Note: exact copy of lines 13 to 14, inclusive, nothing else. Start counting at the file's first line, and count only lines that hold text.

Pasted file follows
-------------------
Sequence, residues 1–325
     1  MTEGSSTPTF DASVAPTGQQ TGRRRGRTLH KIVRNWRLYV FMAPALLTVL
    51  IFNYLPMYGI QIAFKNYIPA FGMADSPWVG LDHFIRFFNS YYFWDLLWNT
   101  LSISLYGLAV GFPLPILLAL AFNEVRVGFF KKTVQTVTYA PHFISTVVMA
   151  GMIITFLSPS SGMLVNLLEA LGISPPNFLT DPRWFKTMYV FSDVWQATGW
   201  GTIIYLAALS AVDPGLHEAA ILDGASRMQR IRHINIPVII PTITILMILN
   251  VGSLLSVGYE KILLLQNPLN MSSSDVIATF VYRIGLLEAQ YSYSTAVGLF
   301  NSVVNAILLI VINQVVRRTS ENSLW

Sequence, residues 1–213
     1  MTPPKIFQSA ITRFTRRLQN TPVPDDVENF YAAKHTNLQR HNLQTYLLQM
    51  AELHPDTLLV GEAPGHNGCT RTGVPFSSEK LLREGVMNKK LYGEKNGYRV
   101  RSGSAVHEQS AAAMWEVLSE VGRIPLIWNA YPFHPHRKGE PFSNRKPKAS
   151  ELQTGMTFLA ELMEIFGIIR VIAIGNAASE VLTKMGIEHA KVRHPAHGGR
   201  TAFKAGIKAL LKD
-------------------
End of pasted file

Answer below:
   151  ELQTGMTFLA ELMEIFGIIR VIAIGNAASE VLTKMGIEHA KVRHPAHGGR
   201  TAFKAGIKAL LKD